Pope Pius VII not only purchased the glorious statue, but later gave Canova the coveted title of Inspector General of Fine Arts securing his immortality. His Perseus was even displayed on the pedestal of the great “Apollo of the Belvedere” which had been taken to France following the Treaty of Tolentino. It had been the weight, proportions and expressive character of the Belvedere Apollo which had inspired Canova to create Perseus in the first place – so this was a fitting tribute to a great work of art.

Perseus, Northwest Chapter from Vatican Patrons of the Arts on Vimeo.

While restorations on the statue are complete – It is, however, this pedestal which requires the most attention and has slowed the process of getting him back to display. Because of the dynamic rotation and angle of the sculpture’s weight, lead restorer Andrea Felice had to reconstruct the base. This newly designed pedestal enables our hero to remain stating even in the face of vibrations from possible earthquakes.

Look out for more information on Perseus and when he will be back on full display in the Museums. For now, you have to be a patron to see him!

For more on becoming a patron email your local chapter leader.

SFONDRATI COLLECTION: Sfondrati’s Excavation and the Unique Vessels Used to House the Relics

When Cardinal Sfondrati excavated beneath the altar at St. Cecilia in the fall of 1599, included in his discoveries were the body of the Saint as well as relics from other martyrs and popes. The most sacred of these were reconsecrated in the ground under the altar, however many pieces were transferred at the time to repurposed and beautifully adorned silver vessels. These have been painstakingly restored thanks to the support of the Ohio Chapter of Patrons and work by restorer Barbara Pinto Folicaldi.

[Behind-the-scenes with amazing silverwork]

The Collection of Cardinal Sfondrati from Vatican Patrons of the Arts on Vimeo.

[Behind-the-scenes with amazing silverwork]

It is interesting to note that the silver bowls and cups used to house these religious relics were originally “profane” in origin and likely domestic pieces that would have been used at an official banquet. However, they were so treasured, that in the hands of craftsmen in the 1600s these were consecrated and adorned with religious symbology to be made appropriate resting places for the ashes of sanctified relics.

These pieces were then in the custody of St. Cecilia until the early 20th century when they were brought to the Vatican Museums.

{Guido Cornini, Curator of the Decorative Arts Department, gives you more information on the restoration of these beautiful reliquaries now housed in the “Room of the Tributes” in the Vatican Museums….}

See our other restoration videos on our website by clicking here!

The Sacred in the Profane – Mythological Statues in The Gregorian Profane Museum Restored

The Profane Museum, founded by Clement XIII in 1761 was the first gallery in the Vatican dedicated to the display of the ancient “profane” pieces. These included pagan art as well as “domestic” instruments (cameos, ivory, rock crystal and small bronzes). The museum underwent a large overhaul when a new entrance was constructed and many pieces were given a course of restoration at that time thanks to the efforts of the Michigan Chapter.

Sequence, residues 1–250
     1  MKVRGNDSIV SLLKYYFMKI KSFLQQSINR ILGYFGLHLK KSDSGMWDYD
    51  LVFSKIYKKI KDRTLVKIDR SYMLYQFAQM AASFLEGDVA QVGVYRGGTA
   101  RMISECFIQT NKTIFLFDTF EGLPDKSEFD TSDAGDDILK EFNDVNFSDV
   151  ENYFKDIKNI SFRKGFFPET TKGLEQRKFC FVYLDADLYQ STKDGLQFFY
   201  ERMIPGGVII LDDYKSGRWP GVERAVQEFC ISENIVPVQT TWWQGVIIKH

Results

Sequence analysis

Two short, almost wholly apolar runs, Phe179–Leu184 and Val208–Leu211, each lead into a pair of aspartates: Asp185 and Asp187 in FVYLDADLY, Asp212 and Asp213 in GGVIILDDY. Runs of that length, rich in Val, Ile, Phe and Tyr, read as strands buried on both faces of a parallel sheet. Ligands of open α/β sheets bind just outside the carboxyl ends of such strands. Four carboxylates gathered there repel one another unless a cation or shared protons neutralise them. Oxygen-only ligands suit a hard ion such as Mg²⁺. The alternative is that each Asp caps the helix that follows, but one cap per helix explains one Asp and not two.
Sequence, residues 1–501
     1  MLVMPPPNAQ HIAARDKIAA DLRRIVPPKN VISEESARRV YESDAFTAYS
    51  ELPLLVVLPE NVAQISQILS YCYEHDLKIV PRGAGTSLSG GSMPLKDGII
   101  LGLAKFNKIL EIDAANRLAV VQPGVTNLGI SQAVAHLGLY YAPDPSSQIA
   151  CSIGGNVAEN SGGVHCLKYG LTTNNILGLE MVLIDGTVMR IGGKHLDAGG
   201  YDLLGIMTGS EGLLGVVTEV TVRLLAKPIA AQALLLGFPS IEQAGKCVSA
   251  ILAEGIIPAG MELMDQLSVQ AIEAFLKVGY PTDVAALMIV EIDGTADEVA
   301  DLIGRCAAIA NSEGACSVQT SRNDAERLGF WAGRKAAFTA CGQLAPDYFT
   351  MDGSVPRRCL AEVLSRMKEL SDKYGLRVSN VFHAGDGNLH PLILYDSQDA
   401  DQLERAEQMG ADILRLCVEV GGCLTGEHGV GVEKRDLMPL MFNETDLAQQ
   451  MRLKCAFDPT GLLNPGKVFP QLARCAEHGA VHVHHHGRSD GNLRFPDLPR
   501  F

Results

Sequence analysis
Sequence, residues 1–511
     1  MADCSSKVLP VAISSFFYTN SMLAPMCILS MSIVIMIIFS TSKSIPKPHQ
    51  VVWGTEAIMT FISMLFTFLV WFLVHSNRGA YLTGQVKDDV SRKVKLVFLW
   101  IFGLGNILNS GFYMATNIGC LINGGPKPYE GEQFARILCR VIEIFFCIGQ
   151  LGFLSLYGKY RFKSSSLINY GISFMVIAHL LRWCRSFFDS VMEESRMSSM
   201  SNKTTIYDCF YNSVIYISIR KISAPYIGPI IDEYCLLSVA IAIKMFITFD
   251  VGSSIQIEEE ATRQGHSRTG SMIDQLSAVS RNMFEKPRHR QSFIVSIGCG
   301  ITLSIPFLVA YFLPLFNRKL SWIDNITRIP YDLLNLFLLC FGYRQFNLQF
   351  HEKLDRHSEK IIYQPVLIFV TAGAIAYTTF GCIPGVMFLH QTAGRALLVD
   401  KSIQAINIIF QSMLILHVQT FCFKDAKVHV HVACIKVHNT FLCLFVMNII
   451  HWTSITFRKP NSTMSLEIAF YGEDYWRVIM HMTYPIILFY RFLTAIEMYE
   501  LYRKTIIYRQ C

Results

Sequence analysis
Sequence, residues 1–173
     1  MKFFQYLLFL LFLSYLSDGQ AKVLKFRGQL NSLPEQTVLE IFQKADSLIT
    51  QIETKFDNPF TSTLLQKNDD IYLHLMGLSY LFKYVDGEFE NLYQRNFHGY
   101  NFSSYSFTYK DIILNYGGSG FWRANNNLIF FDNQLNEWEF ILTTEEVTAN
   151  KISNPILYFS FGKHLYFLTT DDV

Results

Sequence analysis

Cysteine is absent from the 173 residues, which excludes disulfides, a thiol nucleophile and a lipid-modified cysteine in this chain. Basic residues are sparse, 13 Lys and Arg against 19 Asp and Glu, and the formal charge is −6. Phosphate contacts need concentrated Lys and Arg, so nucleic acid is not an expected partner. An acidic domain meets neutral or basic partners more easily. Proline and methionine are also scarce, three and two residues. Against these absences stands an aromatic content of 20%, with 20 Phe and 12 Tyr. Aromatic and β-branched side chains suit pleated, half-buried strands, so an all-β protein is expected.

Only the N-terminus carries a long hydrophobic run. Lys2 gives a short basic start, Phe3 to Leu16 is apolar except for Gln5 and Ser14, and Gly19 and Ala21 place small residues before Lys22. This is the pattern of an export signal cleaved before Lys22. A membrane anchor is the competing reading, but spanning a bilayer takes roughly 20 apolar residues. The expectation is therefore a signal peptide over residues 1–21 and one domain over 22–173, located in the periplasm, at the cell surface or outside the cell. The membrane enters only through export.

Mythological Statuettes Part 1, Michigan Chapter from Vatican Patrons of the Arts on Vimeo.

{See the video for more on these wonderful works and how they were retooled in the 18th century!}

Pieces depicted in the video include works from the 2nd to 5th century, many from Roman houses and some amazing artifacts from Pompeii and Herculaneum. In the 1700s several of these pieces, that had been part of a large collection owned by Cardinal Carpegna, were repurposed and adorned with golden appointments by the artist Valadier .The preserved state of these artifacts is amazing! Let restorer Claudia Legga walk you through these meticulously restored pieces. Again, many thanks to the Michigan Chapter for their support in this effort.

Mythological Statuettes, Part 2, Michigan Chapter from Vatican Patrons of the Arts on Vimeo.

{Ms. Legga continues your tour of the “profane” artifacts…}

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Three Crosses Restored Thanks to Our Michigan Chapter

Restorations are complete on three beautiful crucifixes!In 2007, Carlo and Lucia Barocchi donated three exquisite crosses to Pope Benedict XVI. One was a 14th century copper crucifix of the “archaic” style, a second in gilded silver was from the 17th century and a third (the oldest) dates back to the late middle ages. After being put in our Wishbook a restoration of these pieces was supported by Tony and Suzanne Rea of the Michigan Chapter. The spectacular final results are due to their patronage and the efforts of our wonderful restorers of the Decorative Arts Department.

Barocchi Crucifixes Collection, Michigan Chapter from Vatican Patrons of the Arts on Vimeo.

Bernini Angel Update

Bernini Angels UPDATE! Restorations continue on one of the Vatican’s prized possessions. Find out why these beautiful Bernini Angels were scheduled to be burned by clicking here!

Bernini Angel, New York Chapter from Vatican Patrons of the Arts on Vimeo.

For more restoration updates check out our behind-the-scenes videos here.